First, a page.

Because students are more comfortable making suggestions, I usually don’t have to lead the discussion too much. I will play devil’s advocate at times, making suggestions that the group isn’t considering, and I will raise issues that I think it would be good for the class as a whole to consider, but I try to save my own comments on the piece for an individual conference with the student.

In course evaluations and reflective exam questions about the workshop process, I have consistently noticed that students value the full-class workshops the most, but they also appreciate the small group workshops. And some have even come to realize that the freer discussions in Small Groups helped their discussions later.

I say the Small Groups are freer, even though I give them initial steps to consider and questions to discuss. Once they’ve done that part, their discussions can go wherever they want (and sometimes, I suspect they ignore my instructions and just talk about their work after awhile). In Small Groups, I allow the writer to respond to the group; in Full-Class workshops, I ask the writer to be silent after they have read from their work. They will have a chance to respond briefly at the end, but during our discussion I want us to ask our questions of the text and each other, and not to rely on the writer for answers. That can be difficult, and sometimes we break that rule, but it can be a good guideline to have (though not the only model for workshopping).

The Full-Class Workshops are where students take the work they’ve done already, choose the writing they are most interested in, and adapt it to the genres they want to write for their final portfolios. It makes sense to allow them to choose whatever work they want for workshop, since I try to place very few restrictions on their final portfolio.

Midterm and Final Portfolios

I always assign a midterm and a final portfolio. I’m an advocate for giving students some sense of their grades before they are done, and a midterm portfolio of work in progress is a way to let students know if they are generating enough material and taking it far enough by that point in the semester. The final portfolio contains their polished, finished work. Most of the work in the final portfolio will also have been in the midterm portfolio, though some new work may be included, and some work from the midterm portfolio may not be in the final portfolio.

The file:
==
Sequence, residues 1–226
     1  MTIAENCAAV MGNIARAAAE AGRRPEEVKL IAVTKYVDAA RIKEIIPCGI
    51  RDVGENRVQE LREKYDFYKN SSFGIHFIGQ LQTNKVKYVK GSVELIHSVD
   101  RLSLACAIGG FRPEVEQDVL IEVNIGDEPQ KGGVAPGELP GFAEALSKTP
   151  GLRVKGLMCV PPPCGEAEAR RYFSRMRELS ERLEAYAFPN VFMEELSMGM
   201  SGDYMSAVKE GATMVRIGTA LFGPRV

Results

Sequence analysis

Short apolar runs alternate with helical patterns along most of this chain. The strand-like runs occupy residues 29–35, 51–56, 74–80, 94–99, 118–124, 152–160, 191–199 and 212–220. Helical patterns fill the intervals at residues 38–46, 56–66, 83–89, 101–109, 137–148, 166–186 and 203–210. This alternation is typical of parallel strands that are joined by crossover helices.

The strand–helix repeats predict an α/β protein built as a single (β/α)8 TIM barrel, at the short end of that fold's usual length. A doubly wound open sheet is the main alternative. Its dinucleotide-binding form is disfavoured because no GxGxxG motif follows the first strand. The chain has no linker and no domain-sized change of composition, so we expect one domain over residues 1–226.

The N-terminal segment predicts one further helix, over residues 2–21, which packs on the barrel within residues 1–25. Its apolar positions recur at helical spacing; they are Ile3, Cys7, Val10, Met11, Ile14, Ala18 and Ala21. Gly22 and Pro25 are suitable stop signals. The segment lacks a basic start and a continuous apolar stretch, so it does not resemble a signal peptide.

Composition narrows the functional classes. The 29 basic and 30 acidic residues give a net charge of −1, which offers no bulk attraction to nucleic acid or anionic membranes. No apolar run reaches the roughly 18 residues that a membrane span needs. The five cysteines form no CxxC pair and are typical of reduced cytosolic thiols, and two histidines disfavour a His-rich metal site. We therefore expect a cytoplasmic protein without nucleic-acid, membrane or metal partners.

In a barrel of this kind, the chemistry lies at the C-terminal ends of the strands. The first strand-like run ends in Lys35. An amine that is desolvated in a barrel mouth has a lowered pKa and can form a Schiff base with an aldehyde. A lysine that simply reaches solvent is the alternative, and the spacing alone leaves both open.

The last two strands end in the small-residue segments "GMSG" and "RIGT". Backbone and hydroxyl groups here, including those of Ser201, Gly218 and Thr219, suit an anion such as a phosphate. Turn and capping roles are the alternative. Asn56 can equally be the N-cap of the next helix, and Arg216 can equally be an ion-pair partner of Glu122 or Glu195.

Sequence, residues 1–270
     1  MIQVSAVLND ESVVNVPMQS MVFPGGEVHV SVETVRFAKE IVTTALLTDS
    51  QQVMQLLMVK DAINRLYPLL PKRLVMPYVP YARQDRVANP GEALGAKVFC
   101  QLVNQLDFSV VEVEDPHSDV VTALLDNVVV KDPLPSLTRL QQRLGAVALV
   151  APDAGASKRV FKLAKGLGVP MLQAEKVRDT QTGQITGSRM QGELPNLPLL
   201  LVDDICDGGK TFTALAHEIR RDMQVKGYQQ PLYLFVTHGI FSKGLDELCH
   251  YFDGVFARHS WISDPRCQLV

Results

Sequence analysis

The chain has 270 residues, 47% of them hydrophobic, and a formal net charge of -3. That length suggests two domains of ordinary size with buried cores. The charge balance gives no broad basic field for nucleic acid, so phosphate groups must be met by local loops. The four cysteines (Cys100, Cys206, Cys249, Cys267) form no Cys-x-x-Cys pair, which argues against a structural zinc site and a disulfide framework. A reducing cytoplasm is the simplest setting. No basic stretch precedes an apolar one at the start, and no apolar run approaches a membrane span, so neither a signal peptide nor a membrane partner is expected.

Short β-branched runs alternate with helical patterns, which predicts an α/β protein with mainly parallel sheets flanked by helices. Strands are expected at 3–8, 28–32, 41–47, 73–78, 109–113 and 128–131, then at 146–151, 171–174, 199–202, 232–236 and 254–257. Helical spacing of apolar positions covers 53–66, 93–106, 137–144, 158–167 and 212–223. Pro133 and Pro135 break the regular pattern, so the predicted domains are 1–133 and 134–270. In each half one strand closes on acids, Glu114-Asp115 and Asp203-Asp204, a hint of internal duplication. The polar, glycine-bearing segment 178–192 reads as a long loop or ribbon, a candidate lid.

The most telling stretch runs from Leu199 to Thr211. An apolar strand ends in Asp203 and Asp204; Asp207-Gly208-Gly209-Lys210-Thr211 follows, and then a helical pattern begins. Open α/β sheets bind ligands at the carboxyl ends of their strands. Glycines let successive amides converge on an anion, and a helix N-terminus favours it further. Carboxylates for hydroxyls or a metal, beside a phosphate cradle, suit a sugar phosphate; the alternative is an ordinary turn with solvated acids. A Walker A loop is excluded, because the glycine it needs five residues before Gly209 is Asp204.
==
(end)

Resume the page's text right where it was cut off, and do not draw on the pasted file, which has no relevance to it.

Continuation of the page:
I assign midterm and final portfolios in all of my undergraduate classes. In the the intro class, where we are working on 4 genres, I allow students to choose what genres they include in both portfolios. The midterm portfolio is usually due as we’re just starting to consider genre. And since we’ve already covered all 4 genres by the time we get to the final portfolio, I don’t feel I have to see finished work in all 4. I do require at least 1 story and 2 poems (or I might consider part of a play or essay to be a lyric form). The point is that I want to be sure they have a variety of finished work, and that they are working with narrative and lyric forms. But the scene of a play done for the drama workshop might be transformed into a scene for a short story. Or their essay might get turned into a poem. A lyric essay would qualify as a poem, as would a prose poem. A dramatic monologue or dialogue could qualify as a poem, too.

My goal in teaching 4 genres is to get students to explore different modes of writing and to discover a kind of writing they may not have thought they could do. It is also to see how all the genres inform each other, so I don’t mind it if students gravitate towards one or two genres. I want them to try something outside of their comfort zone, and I tell them that I will grade their strongest work first and the genre that isn’t their strong suite will be graded as the part of the portfolio where they were trying something new.